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Subject: Wolfpacks rss

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Mike Wall
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Jus a matter of historical interest.

Did the US commonly use the term wolfpack in WWII to describe their forming a small group of submarines to patrol together?
 
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Aaron B
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From the half-dozen or so books I've read on the US submarine actions in the Pacific. I do not recall any of the captains using that term. In fact, I don't particularly recall a lot of discussion related to them operating in groups at all.

...most of what I read suggested the captains were operating pretty autonomously.

Additionally, when the Germans engaged in trans-atlantic operations against the US, I believe they typically used the larger Type-IX Uboats. I tend to associate "Wolfpack" ops with the smaller and more prolific Type-VII B/C Uboats.

The US Fleetboat was a larger boat, more on par with the German Type-IX, but bigger by 50ft. ...compared to the VIIC, the US boat was about 90ft longer.
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Dan Beckler
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I hadn't really read much about US wolf packs either... but I did find this article written in recent months:

http://ndupress.ndu.edu/Media/News/Article/643229/the-americ...

Here's a summarizing passage:
"The American approach rejected the rigid, centralized theater command and ad hoc tactical structure of the Germans. Consistent with its culture, the U.S. Navy took the opposite approach. CAGs comprised three to four boats under a common tactical commander who was present on scene. Unlike the Germans, these attack groups trained and deployed together as a distinctive element. They patrolled in a designated area under a senior commander and followed a generic attack plan. Other than intelligence regarding potential target convoys, orders came from the senior tactical commander on scene and not from the fleet commander. This tactical doctrine called for successive rather than swarming attacks. Subsequently scholars have been critical of these deliberate and sequential attack tactics, which negated surprise and simplified the job of Japanese escorts." -- Dr. F.G. Hoffman pub Jan 1, 2016
 
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Mike Wall
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Many thanks for the information. It was mainly the terminology I was questioning, as I have never read anything that used the word "wolfpack" to describe American groupings of subs. So, I'd wondered why DVG had chosen to use the word in its rules other than as a simple way of handling the concept and as a cross-fertilisation from U-Boat Leader rules.
 
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Ernie Olsen
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I'm pretty sure the British/Americans/Canadians wouldn't have used the term 'Rudeltaktik' (Pack Tactic) until after the war, since it is the name coined by Dönitz referring to a specific strategy.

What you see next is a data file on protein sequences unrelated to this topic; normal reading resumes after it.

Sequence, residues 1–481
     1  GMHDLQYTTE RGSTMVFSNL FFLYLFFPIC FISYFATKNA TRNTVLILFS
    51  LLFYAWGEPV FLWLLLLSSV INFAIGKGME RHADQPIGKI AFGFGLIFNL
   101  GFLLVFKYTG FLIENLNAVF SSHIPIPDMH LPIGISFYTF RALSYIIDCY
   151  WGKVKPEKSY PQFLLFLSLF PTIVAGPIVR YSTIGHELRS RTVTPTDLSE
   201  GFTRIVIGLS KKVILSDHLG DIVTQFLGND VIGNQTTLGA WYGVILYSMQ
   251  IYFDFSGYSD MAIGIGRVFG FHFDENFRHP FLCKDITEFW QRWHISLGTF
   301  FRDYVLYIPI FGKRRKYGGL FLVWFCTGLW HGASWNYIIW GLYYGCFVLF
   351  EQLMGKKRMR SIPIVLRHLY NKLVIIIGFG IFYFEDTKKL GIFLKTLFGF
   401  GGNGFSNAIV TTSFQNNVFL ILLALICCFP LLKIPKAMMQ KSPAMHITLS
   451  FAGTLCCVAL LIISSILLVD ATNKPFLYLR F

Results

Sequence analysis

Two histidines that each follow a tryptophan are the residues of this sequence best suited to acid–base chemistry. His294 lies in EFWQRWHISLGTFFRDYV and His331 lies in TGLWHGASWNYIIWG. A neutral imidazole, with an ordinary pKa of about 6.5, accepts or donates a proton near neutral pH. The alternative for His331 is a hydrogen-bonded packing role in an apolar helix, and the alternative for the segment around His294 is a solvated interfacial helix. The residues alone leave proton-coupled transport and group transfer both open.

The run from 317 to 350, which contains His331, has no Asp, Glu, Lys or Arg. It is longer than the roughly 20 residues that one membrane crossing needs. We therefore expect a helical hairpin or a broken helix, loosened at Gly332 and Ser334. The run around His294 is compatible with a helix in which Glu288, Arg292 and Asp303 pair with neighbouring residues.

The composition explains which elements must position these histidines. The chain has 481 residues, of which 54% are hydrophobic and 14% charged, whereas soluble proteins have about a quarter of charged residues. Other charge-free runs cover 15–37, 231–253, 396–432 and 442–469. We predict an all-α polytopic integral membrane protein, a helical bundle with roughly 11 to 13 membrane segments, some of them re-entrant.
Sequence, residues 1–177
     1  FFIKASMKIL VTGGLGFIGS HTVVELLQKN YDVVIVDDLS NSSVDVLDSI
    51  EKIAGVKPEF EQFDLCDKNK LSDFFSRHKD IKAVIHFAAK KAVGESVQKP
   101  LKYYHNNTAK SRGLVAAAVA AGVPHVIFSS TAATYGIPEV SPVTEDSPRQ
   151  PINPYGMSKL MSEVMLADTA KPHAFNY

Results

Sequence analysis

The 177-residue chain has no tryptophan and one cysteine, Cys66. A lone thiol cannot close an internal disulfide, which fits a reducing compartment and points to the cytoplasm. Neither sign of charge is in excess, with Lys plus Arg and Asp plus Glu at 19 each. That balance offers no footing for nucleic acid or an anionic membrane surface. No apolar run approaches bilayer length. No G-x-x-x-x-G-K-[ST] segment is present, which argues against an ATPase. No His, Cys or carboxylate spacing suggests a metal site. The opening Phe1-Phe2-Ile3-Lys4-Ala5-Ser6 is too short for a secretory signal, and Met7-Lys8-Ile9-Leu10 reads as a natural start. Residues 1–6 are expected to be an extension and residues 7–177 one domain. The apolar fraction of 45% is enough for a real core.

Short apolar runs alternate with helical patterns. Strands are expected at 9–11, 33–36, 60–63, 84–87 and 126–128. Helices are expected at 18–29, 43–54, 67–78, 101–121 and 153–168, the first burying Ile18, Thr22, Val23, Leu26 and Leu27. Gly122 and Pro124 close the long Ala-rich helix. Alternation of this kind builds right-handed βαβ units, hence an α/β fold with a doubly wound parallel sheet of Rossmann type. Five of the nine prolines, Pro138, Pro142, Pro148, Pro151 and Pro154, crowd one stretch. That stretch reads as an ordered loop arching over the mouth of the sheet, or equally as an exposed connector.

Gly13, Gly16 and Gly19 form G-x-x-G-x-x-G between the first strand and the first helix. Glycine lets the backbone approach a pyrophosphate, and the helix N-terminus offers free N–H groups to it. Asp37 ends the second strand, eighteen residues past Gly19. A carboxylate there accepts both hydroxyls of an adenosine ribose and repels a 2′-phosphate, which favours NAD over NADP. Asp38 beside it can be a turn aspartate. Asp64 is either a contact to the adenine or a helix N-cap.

I doubt even that the German captains/crew of the U-Boats used the term much during the war because they wouldn't have much direct contact (other than orders) with Donitz and weren't privy to his strategic thinking.
 
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Mike Wall
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Yes, I tend to think that wolfpack is a post-war term and had always thought that it had been assigned purely to describing German tactics, but just wondered if had become applied by Americans to their own tactics seeing that it was bein used in the game rules.
 
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Dan
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The Americans called them "coordinated attack groups", usually consisting of about 3-5 submarines with 3 being more common. One of the participating subs would be designated "group commander" and would coordinate attacks. They weren't very common during the war. Japanese convoys were smaller than Allied convoys in the Atlantic. A bigger war theater and smaller enemy convoys meant that it befitted US submarines to spread out and operate independently.

Initially the german U-boats acted independently too, but as Allied convoys grew in size it advantaged the U-boats to attack in groups. Massive convoys would be mauled by multiple wolfpack attacks as they crossed the atlantic. One example of this massive scale was the spring 1942 convoy battle of HX 229 SC 122. These two massive allied convoys crossed somewhat together and were set upon by 3 large wolfpacks. A total of 38 german U-boats would be involved in this convoy battle. The allies lost 22 ships while the germans lost 1 U-boat.
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